Indian-American Ram Devineni created the character over eight years ago.
Early in December, the Global Health Film Festival in London featured an Indian animation, Priya’s Mask. You would expect the arrival of the Covid superhero, if you will, to capture the imagination of the Indian news media, beyond just the entertainment pages. After all, in our world of education technology, new ways of learning are emerging and in India, comics have not exactly been officially elevated to that level. And of course, the arrival of the “brown Covid superhero” would make popular headlines.
While large sections of the Indian media all-but-ignored the new category of superhero for India, and surprisingly did not revel in panegyrics, several American media platforms have been more effusive in their recognition of the two-minute animation that accompanies a 15-page comic book. Both the book and the film premiered at the Festival.
The Washington Post recently wrote a review that highlighted how India’s first female superhero Priya takes on Covid-19. And now National Public Radio (NPR) celebrates the new hero who “has battled rape, acid attacks and trafficking. And now she’s fighting the new coronavirus.”
The protagonist, Priya, is molded in the yarn of a new genre superhero: bruised, gray, lonely … and brown. Kolkata-based The Telegraph headlines its review as: “The globe really needs brown girls out there” (sic). From Washington Post to The Telegraph, Priya’s brown identity is the theme, the peg, and the hook, saving the nuance in the details.
NPR, on the other hand, talks about why Devineni’s project is important for Indian children: “The idea was to use comic books to help children in India understand difficult topics—especially those that are heavily stigmatized.” In his interview to that daily, Devineni said Priya’s Mask was inspired by his three-year-old niece, who has been locked in during the pandemic and expressed a sentiment that the superhero mouths in the comic book: “I feel very sad. I don’t really know how to express my emotions.”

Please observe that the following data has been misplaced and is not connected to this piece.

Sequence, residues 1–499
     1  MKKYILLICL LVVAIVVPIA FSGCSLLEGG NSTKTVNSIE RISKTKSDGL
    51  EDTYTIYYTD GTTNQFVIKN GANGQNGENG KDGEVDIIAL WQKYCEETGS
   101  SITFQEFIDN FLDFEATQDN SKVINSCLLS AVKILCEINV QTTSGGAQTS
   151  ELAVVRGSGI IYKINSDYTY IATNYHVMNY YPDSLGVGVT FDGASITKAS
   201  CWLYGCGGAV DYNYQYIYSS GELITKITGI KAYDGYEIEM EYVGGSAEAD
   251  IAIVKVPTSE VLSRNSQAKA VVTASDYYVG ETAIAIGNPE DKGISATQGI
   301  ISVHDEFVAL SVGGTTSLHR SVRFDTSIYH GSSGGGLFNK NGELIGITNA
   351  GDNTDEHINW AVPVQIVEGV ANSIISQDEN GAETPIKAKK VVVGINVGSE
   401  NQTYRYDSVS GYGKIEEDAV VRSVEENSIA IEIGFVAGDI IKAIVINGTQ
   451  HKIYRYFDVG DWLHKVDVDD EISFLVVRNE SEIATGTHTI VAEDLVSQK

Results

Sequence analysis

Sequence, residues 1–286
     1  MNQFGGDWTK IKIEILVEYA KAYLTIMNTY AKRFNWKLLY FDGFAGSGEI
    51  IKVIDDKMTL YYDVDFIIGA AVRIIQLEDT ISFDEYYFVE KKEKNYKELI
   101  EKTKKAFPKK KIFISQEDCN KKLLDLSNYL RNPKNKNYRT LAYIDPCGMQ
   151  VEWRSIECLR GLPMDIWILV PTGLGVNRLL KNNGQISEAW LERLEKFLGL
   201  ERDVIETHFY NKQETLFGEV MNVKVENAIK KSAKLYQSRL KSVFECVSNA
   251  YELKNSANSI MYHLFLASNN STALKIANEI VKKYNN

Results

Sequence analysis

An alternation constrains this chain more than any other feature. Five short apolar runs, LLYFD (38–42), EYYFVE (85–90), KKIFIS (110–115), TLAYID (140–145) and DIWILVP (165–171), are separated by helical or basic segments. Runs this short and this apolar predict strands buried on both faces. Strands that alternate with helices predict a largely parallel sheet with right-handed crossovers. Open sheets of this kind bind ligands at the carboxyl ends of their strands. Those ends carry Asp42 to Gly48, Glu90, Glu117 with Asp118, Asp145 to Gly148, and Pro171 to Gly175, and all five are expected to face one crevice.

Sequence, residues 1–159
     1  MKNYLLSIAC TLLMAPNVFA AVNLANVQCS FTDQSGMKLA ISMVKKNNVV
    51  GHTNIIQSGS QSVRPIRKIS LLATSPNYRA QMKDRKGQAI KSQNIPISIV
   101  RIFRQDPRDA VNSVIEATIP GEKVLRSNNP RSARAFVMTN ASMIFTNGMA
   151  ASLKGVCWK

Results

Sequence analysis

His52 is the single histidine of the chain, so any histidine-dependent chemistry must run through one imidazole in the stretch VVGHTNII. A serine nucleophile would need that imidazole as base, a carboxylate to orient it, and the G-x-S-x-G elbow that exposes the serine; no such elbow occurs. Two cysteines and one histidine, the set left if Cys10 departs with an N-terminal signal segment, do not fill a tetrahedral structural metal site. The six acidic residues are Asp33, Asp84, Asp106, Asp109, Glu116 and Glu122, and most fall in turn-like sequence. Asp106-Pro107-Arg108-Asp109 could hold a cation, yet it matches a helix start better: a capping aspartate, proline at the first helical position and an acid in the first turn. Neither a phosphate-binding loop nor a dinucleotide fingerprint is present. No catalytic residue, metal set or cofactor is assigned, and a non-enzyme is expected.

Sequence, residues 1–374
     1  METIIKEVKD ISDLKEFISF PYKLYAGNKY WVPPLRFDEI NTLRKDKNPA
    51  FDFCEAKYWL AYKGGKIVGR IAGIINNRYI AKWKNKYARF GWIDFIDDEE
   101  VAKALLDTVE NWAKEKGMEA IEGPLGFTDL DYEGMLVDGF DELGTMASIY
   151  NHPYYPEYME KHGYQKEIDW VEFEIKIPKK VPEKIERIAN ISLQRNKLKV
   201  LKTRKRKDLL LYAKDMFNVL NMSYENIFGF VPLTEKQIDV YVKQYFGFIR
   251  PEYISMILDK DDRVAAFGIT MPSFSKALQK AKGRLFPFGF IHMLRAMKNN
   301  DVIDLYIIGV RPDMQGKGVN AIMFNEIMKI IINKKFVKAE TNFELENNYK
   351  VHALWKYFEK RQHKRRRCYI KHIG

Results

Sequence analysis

Priya was “born” in 2014 in the aftermath of the notorious barbaric gangrape and subsequent death of a 27-year-old woman in New Delhi. The universal appeal of the scarred protagonist, however, is found in the ennui of loneliness because of Covid-19, and this hits home.
But Devineni told NPR that the story is also about disinformation—the other pandemic plaguing the world. In the story, where Priya and her companion Sahas fly around the city of Mumbai, they hear different versions of the truth, but realize on their own as they cross into neighboring Pakistan that the coronavirus has no national borders—an indictment of sorts of the hypernationalism that pervades our world these days.
Priya’s Mask is available in a free-to-download format. Since its premiere on December 2, the world media have covered the unusual story of Priya’s journey from innocence to experience.